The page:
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I have an assignment where I have to understand a protocol proposed in a research paper. The first step involves computing Per-XOR, but I can't seem to understand the explanation given. Below is the explanation given, along with solved question:

"Permute (transposition) the string β€˜π‘šβ€™ according to the string β€˜π‘›β€™, by checking each π‘–π‘‘β„Ž bit of the string β€˜π‘›β€™ (starting from LSB). If 𝑛𝑖= 0 then the bit stored at π‘šπ‘– will be placed at π‘šπ‘™ location (LSB); otherwise, it will be placed at the same position. In the next clock cycle, if 𝑛𝑖+1= 0 then the bit stored at π‘šπ‘–+1 will be placed at π‘šπ‘™βˆ’1 location; otherwise, it will shifted-left (LSB side). This process will continue till we reach to MSB of string β€˜π‘›β€™(𝑛𝑙). After completion, we will have a new string β€˜mβˆ—β€™ which is the permuted version of string β€˜π‘šβ€™."

enter image description here

Now what I'm understanding from the above explanation is that with n we have to start from the LSB side and permutate bits in m accordingly. But in the fig we are starting from the MSB side, because n = 1 and therefore the bit in m1 position will not be shifted, if it started from the LSB side the n = 0 and m would be placed at ml.

I'm really confused as to what's happening, If anyone can provide an explanation with the above given example, I would be grateful.

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Here is another way to understand the transform (and it may be an easier way):

  • For all the locations where N has a 1 bit, take the corresponding bit in M, and place them together to form A (so that if N has 5 1 bits, the result A has 5 bits). In the example, A would be 0101.

  • For all the locations where N has a 0 bit, take the corresponding bit in M, and place them together to form B (so that if N has 3 0 bits, the result B has 3 bits). In the example, B would be 0111.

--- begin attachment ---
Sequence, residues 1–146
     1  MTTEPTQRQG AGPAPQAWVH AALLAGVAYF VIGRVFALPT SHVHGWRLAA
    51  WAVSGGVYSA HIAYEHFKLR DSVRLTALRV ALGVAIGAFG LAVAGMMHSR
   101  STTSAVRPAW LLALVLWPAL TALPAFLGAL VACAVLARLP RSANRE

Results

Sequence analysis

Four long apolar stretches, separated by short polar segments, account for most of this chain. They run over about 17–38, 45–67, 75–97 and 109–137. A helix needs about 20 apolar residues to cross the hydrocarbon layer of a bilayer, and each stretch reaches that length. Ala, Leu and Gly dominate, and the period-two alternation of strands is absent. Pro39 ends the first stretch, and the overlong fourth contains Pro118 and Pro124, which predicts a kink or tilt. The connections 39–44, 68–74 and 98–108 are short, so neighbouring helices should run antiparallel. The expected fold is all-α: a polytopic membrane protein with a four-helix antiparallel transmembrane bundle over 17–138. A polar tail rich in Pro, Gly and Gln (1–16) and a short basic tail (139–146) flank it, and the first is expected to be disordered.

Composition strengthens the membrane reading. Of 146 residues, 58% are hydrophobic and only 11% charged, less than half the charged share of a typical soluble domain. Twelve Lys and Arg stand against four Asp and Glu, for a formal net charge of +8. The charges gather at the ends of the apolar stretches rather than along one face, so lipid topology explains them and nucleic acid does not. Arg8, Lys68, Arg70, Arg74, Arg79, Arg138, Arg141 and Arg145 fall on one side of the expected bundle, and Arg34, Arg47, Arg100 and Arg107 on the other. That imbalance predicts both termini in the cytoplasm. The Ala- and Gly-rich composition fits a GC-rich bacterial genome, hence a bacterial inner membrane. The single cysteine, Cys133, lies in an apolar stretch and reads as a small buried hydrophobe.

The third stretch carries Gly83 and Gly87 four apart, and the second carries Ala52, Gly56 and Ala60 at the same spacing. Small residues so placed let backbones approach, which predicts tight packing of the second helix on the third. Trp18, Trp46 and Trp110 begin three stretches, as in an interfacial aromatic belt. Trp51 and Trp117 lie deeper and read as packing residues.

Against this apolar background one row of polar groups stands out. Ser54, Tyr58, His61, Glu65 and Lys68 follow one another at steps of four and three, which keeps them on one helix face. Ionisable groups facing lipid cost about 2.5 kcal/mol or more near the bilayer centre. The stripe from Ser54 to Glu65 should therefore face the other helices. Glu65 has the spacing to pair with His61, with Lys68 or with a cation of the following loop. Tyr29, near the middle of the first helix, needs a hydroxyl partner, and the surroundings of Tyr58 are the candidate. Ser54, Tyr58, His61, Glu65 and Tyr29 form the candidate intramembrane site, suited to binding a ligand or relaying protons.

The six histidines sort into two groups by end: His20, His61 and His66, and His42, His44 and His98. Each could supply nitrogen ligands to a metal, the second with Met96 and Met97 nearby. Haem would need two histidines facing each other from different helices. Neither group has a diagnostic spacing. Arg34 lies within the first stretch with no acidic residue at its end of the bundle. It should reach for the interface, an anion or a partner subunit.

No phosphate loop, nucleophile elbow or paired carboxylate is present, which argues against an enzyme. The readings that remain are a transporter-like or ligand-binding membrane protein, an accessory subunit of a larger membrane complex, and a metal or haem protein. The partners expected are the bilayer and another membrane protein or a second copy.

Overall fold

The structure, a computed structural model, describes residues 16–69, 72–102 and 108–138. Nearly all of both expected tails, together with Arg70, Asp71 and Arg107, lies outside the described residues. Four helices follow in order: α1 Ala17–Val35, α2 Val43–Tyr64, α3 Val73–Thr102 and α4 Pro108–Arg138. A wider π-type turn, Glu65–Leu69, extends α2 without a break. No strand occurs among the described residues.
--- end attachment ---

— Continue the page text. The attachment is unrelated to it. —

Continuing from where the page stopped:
• Reverse the bit order of B (so if it was 011, it becomes 110). In the example, B would now be 1110.

  • Concatinate A and B together (with A being the most significant bit), forming M*. In the example, M* would be 01011110

  • Last step: xor M* and N to get the result.


Now, looking at it from a cryptanalyst standpoint, this primitive does not look promising. Flipping one bit of the input N will always flip exactly one bit of the output. Flipping the lsbit of M will always flip the lsbit of the output (with no other changes). It has high probability linear and differential characteristics. In addition, it is unclear how it could be implemented efficiently (and in constant time/memory accesses). However, whether these are fatal would depend on the latter steps of the entire protocol.

One task you might try to help you understand the protocol: try to figure out how these weaknesses could be used to undermine the overall protocol.

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  • $\begingroup$ Thank you so much. $\endgroup$
    – Fakhr Ali
    Commented Dec 23, 2023 at 18:29

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